Failure is just a dirty word for learning

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As small people we learn to walk, talk and generally make sense of the world around us. It seems unlikely that we assessed our efforts in terms of success or failure. We didn’t think, we just ‘did’; rolling over, the first steps.. the first words… and all the parental cheering just made us want to achieve more and more.

1993 Karl föds041Sometimes we get hooked on such praise as it can be a great motivator. And vaguely we may remember the feeling of ‘I did it’ and the rush of adrenaline that pushed us on despite the pain; up on the feet, boom, down on the bum, au, and up on the feet again. Wobble, wobble as we set out to conquer the world. And yes – that is exactly how it feels to be an expat sometimes.

As expats we just can’t fail to get things wrong.

When I used to live in Sweden I mixed up the word for lesbians with the word for braids. And all internationals have experience of putting their foot into local customs that either encourage or discourage things like spitting, farting, winking, shoes on or off, and the voicing of political opinions. Most of us learn these things through the embarrassment of getting it wrong in order to get it right. But now, it feels, no one is cheering us on anymore. Instead we feel as if all eyes are on us to make a success of things; from the home front to new employers and even our fellow expats.

It is my experience as an Expat coach that most internationals feel very lonely in their hit and miss process of acculturation. Especially if you’re with someone from the culture that is now your home who thinks everything is ‘normal’ in their country. No one seems to notice how hard this all is and how much a pat on the shoulder would make you want to try, and try and try again. Far from praising ourselves for the effort, we seem to assume that now that we are adults we’re not supposed to be falling down on our bums and up again. The monthly discussion groups I run from my houseboat in Holland are a great forum for sharing the ups and downs and getting a bit of a cheer from others running the same marathon of international life.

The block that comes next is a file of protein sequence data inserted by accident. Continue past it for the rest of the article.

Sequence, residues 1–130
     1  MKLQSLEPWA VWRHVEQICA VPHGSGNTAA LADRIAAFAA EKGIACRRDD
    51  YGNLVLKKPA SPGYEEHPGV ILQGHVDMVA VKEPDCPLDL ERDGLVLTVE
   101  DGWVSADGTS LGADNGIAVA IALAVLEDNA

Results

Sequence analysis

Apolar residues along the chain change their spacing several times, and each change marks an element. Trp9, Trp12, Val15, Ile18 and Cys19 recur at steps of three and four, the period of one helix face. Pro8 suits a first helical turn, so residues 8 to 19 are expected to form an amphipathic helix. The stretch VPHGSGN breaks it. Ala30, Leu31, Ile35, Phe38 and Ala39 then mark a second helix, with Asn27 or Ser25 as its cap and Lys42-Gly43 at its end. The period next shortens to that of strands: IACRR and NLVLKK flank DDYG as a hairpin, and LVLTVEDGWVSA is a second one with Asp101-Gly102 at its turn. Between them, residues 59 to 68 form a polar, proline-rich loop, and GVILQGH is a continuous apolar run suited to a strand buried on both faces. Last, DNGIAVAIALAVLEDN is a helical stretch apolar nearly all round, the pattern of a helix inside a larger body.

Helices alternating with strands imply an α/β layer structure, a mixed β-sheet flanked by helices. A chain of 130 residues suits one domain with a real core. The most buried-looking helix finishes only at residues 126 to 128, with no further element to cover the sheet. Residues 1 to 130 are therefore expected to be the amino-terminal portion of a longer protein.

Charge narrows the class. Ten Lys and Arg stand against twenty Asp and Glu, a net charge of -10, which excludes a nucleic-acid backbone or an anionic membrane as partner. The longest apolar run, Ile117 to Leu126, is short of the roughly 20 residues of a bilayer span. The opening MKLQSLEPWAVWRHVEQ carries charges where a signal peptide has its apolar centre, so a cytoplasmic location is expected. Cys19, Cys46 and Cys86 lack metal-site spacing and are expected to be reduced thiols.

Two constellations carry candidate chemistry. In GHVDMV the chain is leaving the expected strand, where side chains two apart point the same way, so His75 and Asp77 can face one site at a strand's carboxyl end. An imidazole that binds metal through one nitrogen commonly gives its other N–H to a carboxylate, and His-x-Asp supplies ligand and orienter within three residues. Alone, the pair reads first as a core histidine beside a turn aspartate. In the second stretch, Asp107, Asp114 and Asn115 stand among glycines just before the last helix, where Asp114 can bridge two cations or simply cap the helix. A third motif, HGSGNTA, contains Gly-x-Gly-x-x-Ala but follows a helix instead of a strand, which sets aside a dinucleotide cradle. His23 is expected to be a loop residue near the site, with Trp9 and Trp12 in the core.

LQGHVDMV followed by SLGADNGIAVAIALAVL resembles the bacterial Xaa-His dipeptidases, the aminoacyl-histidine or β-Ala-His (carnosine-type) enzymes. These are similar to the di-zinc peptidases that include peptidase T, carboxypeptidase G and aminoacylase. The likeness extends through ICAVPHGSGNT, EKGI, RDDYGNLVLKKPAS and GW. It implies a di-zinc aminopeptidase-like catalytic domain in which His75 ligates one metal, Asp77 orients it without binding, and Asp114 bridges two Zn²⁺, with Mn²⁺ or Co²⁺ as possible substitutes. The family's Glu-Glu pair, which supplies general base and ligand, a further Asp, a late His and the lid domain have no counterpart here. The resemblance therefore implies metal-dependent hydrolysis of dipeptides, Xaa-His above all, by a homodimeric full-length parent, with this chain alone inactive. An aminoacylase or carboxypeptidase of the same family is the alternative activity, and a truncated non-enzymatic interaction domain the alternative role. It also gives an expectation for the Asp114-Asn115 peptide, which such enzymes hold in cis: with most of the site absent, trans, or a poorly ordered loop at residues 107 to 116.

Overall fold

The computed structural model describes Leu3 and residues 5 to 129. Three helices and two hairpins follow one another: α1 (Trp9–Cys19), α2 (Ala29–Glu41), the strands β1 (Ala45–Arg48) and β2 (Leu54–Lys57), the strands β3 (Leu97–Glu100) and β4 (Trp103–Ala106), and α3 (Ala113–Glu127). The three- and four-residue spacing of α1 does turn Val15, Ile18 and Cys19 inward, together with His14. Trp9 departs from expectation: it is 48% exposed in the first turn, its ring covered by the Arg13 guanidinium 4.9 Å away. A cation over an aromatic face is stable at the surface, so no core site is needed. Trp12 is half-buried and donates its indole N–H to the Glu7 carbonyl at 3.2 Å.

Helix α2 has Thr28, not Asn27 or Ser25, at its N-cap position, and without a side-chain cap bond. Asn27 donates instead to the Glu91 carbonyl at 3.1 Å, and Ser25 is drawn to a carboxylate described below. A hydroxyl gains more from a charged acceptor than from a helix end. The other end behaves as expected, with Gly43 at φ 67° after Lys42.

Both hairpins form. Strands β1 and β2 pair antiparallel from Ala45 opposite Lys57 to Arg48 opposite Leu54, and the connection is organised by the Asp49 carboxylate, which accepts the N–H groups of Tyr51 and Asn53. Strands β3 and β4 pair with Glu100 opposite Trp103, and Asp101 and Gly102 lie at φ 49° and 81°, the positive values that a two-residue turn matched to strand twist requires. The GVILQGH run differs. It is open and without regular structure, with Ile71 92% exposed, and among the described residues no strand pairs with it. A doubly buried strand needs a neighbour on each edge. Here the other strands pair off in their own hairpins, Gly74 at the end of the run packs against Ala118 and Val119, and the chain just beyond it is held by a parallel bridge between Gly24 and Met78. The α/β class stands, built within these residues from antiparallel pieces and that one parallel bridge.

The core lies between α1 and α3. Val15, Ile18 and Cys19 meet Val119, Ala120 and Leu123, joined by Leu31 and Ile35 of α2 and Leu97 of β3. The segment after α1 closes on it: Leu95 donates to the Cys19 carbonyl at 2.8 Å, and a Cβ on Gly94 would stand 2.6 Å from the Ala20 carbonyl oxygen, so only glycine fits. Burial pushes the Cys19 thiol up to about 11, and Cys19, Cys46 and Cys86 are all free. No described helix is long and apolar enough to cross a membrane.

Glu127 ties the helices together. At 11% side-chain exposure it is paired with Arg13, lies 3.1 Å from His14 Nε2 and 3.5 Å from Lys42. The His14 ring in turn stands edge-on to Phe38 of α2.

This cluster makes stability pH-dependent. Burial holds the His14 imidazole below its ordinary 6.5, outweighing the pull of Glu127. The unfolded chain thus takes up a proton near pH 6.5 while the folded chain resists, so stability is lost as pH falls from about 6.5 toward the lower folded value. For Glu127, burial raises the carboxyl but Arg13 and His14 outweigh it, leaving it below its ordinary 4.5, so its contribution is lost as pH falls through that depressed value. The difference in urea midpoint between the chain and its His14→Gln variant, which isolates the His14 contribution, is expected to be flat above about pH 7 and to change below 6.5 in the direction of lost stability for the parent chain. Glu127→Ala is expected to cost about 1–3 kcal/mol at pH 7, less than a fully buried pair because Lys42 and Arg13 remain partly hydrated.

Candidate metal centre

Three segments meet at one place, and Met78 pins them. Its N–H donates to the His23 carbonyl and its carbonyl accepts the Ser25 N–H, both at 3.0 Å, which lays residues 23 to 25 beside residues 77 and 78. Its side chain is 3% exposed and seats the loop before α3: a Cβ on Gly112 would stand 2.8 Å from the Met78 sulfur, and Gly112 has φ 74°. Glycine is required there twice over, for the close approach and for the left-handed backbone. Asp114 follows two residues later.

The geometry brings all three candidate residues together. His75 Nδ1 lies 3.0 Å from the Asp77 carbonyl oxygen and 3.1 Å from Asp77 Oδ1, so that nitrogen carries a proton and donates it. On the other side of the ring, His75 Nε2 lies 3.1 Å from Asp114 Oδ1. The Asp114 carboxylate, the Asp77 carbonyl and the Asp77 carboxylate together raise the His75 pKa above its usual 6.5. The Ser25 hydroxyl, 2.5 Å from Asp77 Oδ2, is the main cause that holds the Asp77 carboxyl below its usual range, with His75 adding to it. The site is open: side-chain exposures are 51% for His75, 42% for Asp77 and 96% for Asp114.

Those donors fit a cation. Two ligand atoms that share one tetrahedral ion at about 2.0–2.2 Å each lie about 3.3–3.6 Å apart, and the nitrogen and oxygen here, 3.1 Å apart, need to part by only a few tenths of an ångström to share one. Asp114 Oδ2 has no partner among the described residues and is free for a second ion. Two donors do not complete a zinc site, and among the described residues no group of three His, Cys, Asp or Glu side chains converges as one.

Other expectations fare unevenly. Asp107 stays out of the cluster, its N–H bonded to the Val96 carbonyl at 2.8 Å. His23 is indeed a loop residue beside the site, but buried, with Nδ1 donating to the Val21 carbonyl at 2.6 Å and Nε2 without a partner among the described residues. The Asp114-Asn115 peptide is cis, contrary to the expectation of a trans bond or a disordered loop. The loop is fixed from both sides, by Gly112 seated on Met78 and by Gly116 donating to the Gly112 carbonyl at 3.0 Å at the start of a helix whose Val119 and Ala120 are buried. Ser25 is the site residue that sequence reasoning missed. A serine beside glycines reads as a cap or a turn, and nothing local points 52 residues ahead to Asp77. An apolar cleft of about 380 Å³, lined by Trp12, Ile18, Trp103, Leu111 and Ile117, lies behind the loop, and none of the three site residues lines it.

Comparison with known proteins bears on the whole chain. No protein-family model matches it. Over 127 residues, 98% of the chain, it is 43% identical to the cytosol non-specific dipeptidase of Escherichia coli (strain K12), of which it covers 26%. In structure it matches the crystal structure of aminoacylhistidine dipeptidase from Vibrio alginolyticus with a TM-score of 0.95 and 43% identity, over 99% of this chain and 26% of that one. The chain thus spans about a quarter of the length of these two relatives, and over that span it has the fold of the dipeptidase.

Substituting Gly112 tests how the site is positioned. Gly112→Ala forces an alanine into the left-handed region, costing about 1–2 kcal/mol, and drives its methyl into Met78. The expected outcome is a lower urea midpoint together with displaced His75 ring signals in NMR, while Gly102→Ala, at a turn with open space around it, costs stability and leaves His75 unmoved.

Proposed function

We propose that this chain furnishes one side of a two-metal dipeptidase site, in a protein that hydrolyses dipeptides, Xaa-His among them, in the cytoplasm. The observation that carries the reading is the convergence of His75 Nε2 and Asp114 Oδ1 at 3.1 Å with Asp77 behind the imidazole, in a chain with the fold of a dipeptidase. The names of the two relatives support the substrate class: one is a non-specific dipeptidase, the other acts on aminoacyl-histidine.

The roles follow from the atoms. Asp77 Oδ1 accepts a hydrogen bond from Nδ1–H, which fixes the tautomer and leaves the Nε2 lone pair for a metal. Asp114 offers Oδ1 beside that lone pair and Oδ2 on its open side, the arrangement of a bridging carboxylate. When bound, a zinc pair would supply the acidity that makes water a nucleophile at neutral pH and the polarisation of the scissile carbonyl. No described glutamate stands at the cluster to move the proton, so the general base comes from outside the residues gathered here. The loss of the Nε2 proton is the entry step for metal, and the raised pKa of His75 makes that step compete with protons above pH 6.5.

Failure can be your gift!

The ease with which we used trial and error as our natural guide to learning about life, is often lost as we reach adulthood. As a particularly accident prone child, or daredevil, depending on who you asked, I thankfully had a wise mother who helped me to make friends with a learning style that involves getting it wrong before I get it right. And still I sometimes feel socially conditioned to get everything right first time round. Each new country move is therefore an opportunity to practice my mantra; ‘just try it, what’s the worst that can happen?’ Be it finding a hairdresser, the nicest place for coffee in the morning, or schools for the children and a local church. If it doesn’t feel right you can try something else. I thank my mother for her insight that the only way I learned was through trial and error, by trying things out for myself and not taking other people’s word for it.

So I can imagine it is so much harder for people who, beyond the cheering phase of toddlerhood, grew up with a great sense of guilt and shame around so-called ‘mistakes’ conditioned by parents or teachers who themselves carried an unhealthy relationship with their inner perfectionist and critic.